display  size  has  moderate  effect on the resulting images and thus skipping this
              parameter should not do much harm. There are two ways to specify image size:
              vres=<lines>:vd=<screen_heights>[:d=<meters>]
                     vres   - screen's vertical resolution in lines, for example 1024.
                     vd     - viewing distance specified as  multiplies  of  screen  height.  For
                            example if the display is seen from 0.5m and the height of its screen
                            is 25cm, vd=2.
                     d      - (optional) viewing distance in meters. This is to account for lower
                            eye's  sensitivity  for larger viewing distances (although the effect
                            is negligible). By default -d=0.5 is assumed.
              ppd=<pixels_per_visual_degree>[:d=<meters>]
                     ppd    - how many pixels spans one visual degree.
                     d      - (optional) viewing distance in meters. This is to account for lower
                            eye's  sensitivity  for larger viewing distances (although the effect
                            is negligible). By default -d=0.5 is assumed.

       --color-saturation <float>, -c <float>
              Decrease or increase color  saturation  after  tone  mapping.  Default  value  -c=1
              attempts  to  preserve  color  appearance  of  the original image. Use values >1 to
              increase and <1 to decrease color saturation.

       --contrast-enhancement <float>, -e <float>
              By default this tone-mapper attempts to preserve contrast of an input image (-e=1).
              This  parameter  controls whether the contrast of an input image should be enhanced
              before tone-mapping. For example -e=1.15 boosts contrast by 15%.  Note  that  if  a
              target  display  does  not offer sufficient dynamic range, contrast may be enhanced
              only for selected tone-values (those that dominate in an image) or not enhanced  at
              all.

       --white-y=<float>, -y=<float>
              Tells  the  tone-mapper what luminance level in the input image should be mapped to
              the maximum luminance  of  a  display.  Since  HDR  images  contain  only  relative
              luminance  information,  tone-mapper  does not know how bright should be the scene.
              This option is meant  to  fix  this  problem  by  providing  tone-mapper  with  the
              information what luminance level in an input image should be perceived as a diffuse
              white surface. Default is none, which means that no such mapping will  be  enforced
              and  tone-mapper is free to find an optimal brightness for a given image. This is a
              recommended setting for HDR images. Setting --white-y could be necessary  for  dark
              scenes,  which  could  be  made  too  bright  by the tone-mapper. The value of this
              parameter can be also passed in pfsstream as a tag WHITE_Y. pfstools 1.7 and  newer
              sets  set  this tag automatically for LDR images. The command line option overrides
              the value of the pfstream tag.

       --fps=<frames-per-second>, -f=<frames-per-second>
              Set the frame rate of the input sequence. Default is 25. Currently  only  3  values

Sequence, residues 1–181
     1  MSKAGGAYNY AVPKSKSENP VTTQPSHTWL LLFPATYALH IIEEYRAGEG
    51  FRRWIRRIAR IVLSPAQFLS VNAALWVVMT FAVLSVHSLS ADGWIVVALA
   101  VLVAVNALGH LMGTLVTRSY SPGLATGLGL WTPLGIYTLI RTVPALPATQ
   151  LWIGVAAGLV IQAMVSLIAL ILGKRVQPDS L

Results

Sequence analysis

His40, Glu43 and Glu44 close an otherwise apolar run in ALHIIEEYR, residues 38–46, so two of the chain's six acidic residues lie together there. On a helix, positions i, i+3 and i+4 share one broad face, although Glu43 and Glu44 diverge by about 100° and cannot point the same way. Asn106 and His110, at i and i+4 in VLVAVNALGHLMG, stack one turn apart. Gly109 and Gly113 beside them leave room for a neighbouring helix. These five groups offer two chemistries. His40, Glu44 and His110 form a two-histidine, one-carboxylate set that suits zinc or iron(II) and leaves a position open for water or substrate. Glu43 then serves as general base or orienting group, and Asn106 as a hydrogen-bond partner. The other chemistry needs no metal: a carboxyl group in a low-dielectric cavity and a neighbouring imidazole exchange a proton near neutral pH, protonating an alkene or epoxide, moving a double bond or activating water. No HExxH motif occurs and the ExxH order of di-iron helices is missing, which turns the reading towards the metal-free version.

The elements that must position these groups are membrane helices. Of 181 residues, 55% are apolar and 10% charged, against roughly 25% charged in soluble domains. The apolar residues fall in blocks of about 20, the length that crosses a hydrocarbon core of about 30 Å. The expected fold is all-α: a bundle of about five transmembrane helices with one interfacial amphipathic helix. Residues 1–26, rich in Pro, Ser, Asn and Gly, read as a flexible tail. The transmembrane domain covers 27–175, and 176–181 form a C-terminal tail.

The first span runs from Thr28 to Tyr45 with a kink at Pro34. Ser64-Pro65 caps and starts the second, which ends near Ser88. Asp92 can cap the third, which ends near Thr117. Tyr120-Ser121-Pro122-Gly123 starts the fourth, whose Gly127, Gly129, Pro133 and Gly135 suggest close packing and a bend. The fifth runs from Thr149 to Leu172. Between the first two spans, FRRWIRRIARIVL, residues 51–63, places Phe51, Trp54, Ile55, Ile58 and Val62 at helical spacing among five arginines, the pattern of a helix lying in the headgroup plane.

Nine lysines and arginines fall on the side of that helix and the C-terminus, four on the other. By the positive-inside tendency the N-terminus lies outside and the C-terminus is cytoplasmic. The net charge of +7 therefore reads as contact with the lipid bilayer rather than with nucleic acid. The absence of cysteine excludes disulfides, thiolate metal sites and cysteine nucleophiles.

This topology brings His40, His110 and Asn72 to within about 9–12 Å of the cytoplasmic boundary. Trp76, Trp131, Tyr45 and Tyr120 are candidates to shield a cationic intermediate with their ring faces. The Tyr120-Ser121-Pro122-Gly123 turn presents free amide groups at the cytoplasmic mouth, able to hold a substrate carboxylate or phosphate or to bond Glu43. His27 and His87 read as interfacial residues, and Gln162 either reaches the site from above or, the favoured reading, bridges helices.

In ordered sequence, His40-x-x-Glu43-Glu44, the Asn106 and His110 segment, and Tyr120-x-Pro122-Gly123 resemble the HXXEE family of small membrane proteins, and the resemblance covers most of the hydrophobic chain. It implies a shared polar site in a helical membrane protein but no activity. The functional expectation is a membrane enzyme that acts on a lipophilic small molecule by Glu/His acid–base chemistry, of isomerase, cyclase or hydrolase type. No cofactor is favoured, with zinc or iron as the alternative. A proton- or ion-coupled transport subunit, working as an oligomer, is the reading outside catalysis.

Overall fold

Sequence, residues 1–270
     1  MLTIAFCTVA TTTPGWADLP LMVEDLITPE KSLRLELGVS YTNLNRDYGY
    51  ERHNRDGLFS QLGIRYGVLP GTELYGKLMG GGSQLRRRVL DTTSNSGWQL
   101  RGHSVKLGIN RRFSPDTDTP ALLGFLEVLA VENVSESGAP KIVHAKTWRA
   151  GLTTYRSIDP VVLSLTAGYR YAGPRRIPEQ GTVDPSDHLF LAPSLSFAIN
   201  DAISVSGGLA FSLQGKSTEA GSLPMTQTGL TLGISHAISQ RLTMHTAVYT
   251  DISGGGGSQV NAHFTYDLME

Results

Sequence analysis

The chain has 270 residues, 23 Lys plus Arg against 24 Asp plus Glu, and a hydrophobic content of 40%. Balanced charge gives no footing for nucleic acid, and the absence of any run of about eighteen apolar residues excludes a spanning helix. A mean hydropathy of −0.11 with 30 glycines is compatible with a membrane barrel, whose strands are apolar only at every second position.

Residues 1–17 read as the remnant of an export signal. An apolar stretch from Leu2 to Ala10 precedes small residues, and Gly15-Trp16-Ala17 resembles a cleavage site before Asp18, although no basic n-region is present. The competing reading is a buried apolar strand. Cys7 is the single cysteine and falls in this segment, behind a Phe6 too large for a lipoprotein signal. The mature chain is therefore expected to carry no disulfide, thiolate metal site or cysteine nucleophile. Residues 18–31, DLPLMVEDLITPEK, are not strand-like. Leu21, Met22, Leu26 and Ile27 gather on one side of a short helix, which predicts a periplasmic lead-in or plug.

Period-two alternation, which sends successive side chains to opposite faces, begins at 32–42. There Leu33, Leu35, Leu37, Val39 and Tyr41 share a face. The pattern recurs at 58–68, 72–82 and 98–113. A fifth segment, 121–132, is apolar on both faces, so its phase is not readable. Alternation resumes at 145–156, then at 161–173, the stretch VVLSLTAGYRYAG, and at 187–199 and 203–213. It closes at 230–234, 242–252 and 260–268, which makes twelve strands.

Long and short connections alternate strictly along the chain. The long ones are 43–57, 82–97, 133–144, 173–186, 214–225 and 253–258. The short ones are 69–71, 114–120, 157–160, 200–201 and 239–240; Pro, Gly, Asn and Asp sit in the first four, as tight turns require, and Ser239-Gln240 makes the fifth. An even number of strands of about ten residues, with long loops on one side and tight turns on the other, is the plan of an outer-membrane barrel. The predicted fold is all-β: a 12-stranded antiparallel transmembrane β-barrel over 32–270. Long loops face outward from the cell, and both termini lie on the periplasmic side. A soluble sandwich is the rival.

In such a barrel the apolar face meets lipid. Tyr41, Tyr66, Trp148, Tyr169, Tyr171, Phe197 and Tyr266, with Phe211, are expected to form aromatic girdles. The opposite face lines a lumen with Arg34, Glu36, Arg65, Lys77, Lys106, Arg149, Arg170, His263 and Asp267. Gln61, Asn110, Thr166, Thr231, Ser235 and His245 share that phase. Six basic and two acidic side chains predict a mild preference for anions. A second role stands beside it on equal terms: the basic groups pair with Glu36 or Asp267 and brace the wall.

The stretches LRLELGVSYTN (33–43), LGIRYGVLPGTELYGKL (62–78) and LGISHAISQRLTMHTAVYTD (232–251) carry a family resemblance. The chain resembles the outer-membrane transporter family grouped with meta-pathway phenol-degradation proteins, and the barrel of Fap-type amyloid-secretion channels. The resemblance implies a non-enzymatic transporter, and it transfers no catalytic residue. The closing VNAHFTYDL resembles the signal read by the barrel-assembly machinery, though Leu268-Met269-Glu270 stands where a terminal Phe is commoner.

are  supported:  25,  30 and 60. This parameter controls temporal filter that makes
              sure the resulting sequence is coherent in time. This reduces the likelihood  of  a
              visible flicker.

       --output-tone-curve=<file name>, -o=<file name>
              Write tone-curves to a text file. This option is mainly for debugging purposes, but
              can be used to visualize computed tone-curves. The tone-curve data is stored  in  a
              comma  separated  text file (CSV), consisting of three columns: frame number, log10
              of input luminance factor, log10 of the resulting display luminance, and the  pixel
              value (0-1).

       --verbose, -v
              Print additional information during program execution.

       --quiet, -q
              Do not display progress report.

       --help, -h
              Print list of commandline options.

EXAMPLES

       pfsin memorial.hdr | pfstmo_mantiuk08 -d pd=crt | pfsout memorial.png

              Tone map memorial image for a CRT display and store the result in the PNG format.

       pfsin memorial.hdr | pfstmo_mantiuk08 -d g=2.6:l=500:b=0.5:k=0.01:a=10 | pfsview

              Tone  map  memorial image for a display that has a 2.2 gamma, the peak luminance of
              500 cd/m^2, the black level of 0.5 cd/m^2, the panel reflectivity of 1% (0.01)  and
              is seen under the illumination of 10 lux.

       pfsin bridge.jpg --linear | pfsclamp --min 0.007 | pfstmo_mantiuk08 -v | pfsview

              Enhance  the low-dynamic range image 'bridge' and view the result. pfsclamp command
              reduces noise for low code values.

       pfsin  frame%05d.exr   |   pfstmo_mantiuk08   -d   pd=lcd_bright   --fps   30   |   pfsout
              out_frame%04d.png

              Tone-map video sequence at 30 frame-per-second frame rate.

       pfsin *.exr | pfstmo_mantiuk08 | pfsview

              Tone-map and display *.exr HDR images in the current directory.

       pfsin *.exr | pfstmo_mantiuk06 | pfsgamma -g 0.8 | pfstmo_mantiuk08 | pfsview

              It  is  possible  to  stack  a TMO that sharpens images (pfstmo_mantiuk06) with the
              contrast preserving TMO (pfstmo_mantiuk08) to get new interesting results.

SEE ALSO

       pfsin(1) pfsout(1) pfsview(1)

BUGS

       Please   report    bugs    and    comments    to    the    pfstools    discussion    group
       (http://groups.google.com/group/pfstools).

                                                                              pfstmo_mantiuk08(1)